Human rights are key to our future
My son was in his later years of elementary school when he began to have an interest in “adult stuff.” Once, he downloaded an animated adult film onto our home computer. Though I was quite worried, I didn’t want to ban him from it right away. Since there are so many ways to access these materials, I wanted him to be able to control his impulses. I was also concerned that he’d develop a misguided view of sexual relationships. When I talked to him about it, I said, “Most adult videos reflect fantasies men have and acts that are unpleasant or insulting to women, and some criminal acts are packaged as pleasure. I hope you become a man who is considerate to the woman you love.” My son responded, “Of course. I’m not a kid.”
But our constructive discussion is often undermined by television. In dramas, a man often attempts physical contact with a woman without her consent, sometimes forcibly pushing her into his car and driving away, only for the woman to respond by giving him a light slap on the face. What’s worse is that in these shows, this kind of violence is often a precursor to love.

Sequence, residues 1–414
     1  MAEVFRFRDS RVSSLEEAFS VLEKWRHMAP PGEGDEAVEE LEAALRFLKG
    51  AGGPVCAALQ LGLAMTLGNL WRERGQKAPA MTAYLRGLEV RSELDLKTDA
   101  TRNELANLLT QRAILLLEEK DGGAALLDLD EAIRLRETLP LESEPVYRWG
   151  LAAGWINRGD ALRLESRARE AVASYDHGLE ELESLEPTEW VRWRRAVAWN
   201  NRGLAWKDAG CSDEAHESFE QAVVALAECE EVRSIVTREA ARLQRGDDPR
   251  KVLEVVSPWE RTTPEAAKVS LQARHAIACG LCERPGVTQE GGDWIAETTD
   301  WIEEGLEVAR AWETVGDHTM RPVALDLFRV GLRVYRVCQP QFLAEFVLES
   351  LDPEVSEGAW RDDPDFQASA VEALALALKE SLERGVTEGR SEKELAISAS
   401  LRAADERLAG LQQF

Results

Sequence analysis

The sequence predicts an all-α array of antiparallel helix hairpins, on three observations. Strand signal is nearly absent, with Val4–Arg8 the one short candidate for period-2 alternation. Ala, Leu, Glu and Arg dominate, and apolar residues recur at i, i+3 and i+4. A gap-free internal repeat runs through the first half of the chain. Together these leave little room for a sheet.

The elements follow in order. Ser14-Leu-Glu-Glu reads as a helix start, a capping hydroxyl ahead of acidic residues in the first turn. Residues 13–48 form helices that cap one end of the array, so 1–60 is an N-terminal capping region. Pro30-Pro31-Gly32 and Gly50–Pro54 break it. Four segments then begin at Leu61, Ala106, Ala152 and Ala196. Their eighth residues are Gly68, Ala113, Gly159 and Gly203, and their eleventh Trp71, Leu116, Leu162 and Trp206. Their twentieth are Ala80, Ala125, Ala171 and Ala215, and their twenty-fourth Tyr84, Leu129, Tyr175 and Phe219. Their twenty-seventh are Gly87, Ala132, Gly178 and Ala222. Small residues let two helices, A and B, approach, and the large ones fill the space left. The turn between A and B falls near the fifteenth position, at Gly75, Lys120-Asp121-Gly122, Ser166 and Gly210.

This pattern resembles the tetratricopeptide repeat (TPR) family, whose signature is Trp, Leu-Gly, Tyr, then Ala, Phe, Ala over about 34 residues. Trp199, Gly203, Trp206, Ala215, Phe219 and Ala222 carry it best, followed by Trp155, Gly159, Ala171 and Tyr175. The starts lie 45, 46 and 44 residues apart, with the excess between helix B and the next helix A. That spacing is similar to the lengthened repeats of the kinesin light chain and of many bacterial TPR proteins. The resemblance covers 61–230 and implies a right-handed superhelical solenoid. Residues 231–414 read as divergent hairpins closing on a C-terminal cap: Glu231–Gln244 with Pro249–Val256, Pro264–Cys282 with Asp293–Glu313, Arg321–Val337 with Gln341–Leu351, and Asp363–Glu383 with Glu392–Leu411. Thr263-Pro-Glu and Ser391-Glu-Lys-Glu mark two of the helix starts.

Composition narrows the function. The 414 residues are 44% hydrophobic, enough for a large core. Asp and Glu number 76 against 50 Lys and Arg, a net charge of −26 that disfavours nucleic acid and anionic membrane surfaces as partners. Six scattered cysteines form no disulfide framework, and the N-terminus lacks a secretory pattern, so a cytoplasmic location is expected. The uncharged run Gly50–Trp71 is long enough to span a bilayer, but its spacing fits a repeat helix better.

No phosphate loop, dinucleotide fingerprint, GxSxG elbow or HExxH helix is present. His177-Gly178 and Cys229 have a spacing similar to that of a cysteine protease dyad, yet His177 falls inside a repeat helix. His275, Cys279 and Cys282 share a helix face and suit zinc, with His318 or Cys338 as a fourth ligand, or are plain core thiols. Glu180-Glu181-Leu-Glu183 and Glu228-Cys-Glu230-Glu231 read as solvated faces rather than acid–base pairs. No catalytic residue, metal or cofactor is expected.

What about at school? Many teachers berate and punish students openly. They may argue that their actions are done out of love, but their students probably wouldn’t agree. Teachers will also go through students’ belongings and check their clothes and hairstyles. An adult would never let another person invade their privacy like that, yet there is the perception that the rights of students are unimportant.
Despite the controversy over the ordinance on students’ rights, I welcome it. It is fortunate that students’ rights have emerged as a key issue in education. Sensitivity to human rights includes the ability to be empathetic and look at various things from others’ perspectives. Students who have been violent at school will often say that they didn’t realize how bad their actions were; they surely lack an understanding of human rights. Renowned human rights educator Hugh Starkey once said that human rights are only in effect when people are both aware of them and exercise them. Human rights need to be taught, and teachers have a duty to teach the principles and provide students with opportunities to experience an environment where human rights are respected.
I hope my son grows up to become a man who understands the importance of human rights. It will surely make him a better, more considerate person.
by Lee Na-ree
* The author is an editorial writer of the JoongAng Ilbo.